- Caulk and seal air leaks where plumbing, air ducts, or electrical wiring penetrate exterior walls.
- Install rubber gaskets behind outlets and switch plates on exterior walls.
- Install storm windows over single-pane windows, or replace them with double pane windows. You can also cover window frames with tightly sealed, heavy-duty clear plastic sheeting.
- Set your thermostat as low in winter and as high in summer as is comfortable.
- Wear warm clothing in winter and cool clothing in summer to minimize thermostat use.
- Check your attic insulation to see if it meets the recommended value of R-30. Install more insulation if necessary.
- Schedule routine maintenance on your furnace or heat pump.
- Inspect your furnace filters each month. Clean and replace them when necessary.
- Make sure furniture, carpeting, and drapes aren’t blocking heating vents.
- Turn kitchen and bathroom ventilation fans off as soon as possible.
- Open the curtains and shades on your south-facing windows during the day. Close them at night.
- Check your heating ducts for air leaks.
- At bedtime or when leaving the house, set your thermostat 10° or 15° lower.
- Repair leaky faucets.
- Insulate your electric water heater and surrounding pipes. Don’t cover the thermostat. Do not cover the top, bottom, thermostat, or burner component of a gas-powered water heater.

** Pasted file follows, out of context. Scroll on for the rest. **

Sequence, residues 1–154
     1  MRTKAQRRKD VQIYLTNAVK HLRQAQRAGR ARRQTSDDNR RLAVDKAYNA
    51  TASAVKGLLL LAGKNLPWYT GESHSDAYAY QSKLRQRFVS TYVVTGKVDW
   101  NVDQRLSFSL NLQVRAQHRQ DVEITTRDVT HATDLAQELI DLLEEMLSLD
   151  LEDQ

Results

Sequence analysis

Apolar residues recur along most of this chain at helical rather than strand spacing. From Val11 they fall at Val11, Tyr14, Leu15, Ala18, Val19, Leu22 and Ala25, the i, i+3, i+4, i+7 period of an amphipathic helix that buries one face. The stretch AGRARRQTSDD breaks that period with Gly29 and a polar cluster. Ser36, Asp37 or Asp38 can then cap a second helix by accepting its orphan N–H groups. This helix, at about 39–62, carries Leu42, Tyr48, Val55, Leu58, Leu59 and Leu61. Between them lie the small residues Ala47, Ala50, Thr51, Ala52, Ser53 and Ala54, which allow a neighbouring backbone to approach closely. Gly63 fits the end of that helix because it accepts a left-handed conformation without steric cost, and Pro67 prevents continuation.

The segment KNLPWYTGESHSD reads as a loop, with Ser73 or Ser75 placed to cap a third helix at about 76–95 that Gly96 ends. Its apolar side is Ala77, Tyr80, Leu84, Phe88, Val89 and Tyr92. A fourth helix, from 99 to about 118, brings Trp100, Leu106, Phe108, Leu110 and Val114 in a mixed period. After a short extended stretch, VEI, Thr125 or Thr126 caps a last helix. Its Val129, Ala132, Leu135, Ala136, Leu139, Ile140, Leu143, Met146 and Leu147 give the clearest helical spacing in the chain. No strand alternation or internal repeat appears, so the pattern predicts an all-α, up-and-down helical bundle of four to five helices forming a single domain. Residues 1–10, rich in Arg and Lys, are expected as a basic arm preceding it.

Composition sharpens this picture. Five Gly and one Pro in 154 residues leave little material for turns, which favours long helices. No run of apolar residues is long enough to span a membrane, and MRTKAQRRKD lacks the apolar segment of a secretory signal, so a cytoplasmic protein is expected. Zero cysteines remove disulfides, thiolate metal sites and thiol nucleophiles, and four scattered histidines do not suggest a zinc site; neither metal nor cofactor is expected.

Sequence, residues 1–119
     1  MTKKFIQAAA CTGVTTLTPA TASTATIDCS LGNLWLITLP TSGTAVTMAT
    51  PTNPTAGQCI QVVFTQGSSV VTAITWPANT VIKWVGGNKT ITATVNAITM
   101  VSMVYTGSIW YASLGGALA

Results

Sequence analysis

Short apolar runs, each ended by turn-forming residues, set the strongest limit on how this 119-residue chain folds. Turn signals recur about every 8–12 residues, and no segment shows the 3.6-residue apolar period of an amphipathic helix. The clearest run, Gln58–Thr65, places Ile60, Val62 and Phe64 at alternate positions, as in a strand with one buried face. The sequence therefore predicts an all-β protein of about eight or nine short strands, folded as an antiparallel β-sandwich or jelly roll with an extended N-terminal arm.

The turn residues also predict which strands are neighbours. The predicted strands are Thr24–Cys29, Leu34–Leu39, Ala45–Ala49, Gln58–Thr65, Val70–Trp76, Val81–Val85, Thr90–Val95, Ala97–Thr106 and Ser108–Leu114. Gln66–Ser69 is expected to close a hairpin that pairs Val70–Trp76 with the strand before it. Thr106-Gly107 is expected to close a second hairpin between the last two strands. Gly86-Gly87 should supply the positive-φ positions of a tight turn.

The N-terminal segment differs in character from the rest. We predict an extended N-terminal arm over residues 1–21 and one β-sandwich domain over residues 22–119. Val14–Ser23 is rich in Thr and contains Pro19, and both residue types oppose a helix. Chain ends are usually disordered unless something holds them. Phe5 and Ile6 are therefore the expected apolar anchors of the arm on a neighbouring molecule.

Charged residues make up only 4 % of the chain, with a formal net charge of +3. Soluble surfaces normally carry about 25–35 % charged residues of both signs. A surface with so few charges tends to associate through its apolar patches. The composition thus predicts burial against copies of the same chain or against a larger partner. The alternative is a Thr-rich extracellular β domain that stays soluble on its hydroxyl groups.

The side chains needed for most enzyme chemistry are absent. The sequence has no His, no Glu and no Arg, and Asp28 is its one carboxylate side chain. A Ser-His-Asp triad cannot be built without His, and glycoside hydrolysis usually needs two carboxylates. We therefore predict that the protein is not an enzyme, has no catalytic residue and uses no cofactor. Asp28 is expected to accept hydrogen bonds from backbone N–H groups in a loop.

- Take more showers than baths.
- Use cold water to wash clothes as much as possible.
- Wash and dry full loads. Adjust the water level setting for smaller loads.
- Dry towels and heavier linens in a separate load from lightweight clothes.
- Don’t over-dry clothes.
- Clean the lint filter after each use.
- Use the cool-down cycle to finish drying clothes.
- Regularly check the dryer vent for blockages.
How can you avoid clogs from fats, oil, & grease?
Fat, oil, and grease are the three biggest culprits behind sewer blockages, which can cause significant property damage and create health and environmental hazards in the community. Here are some helpful tips to prevent sewer blockages and safely dispose of fat, oil, and grease:
- Never pour grease down the sink drain or the toilet.
- Place cooled grease, oil, and food scraps into a disposable container, like an old coffee can.
- Scrape oil and grease from kitchen utensils and pans with paper towels and throw them away. Keep as much grease out of the wash water as possible.
- Don’t put solids don’t the toilet or drain, such as rags, disposable diapers, baby wipes, or feminine hygiene products.
- Do not throw litter in manholes.
If you see improper materials in manholes or in sewage systems, contact Dalton Utilities at 706-278-1313 to prevent sewer backup.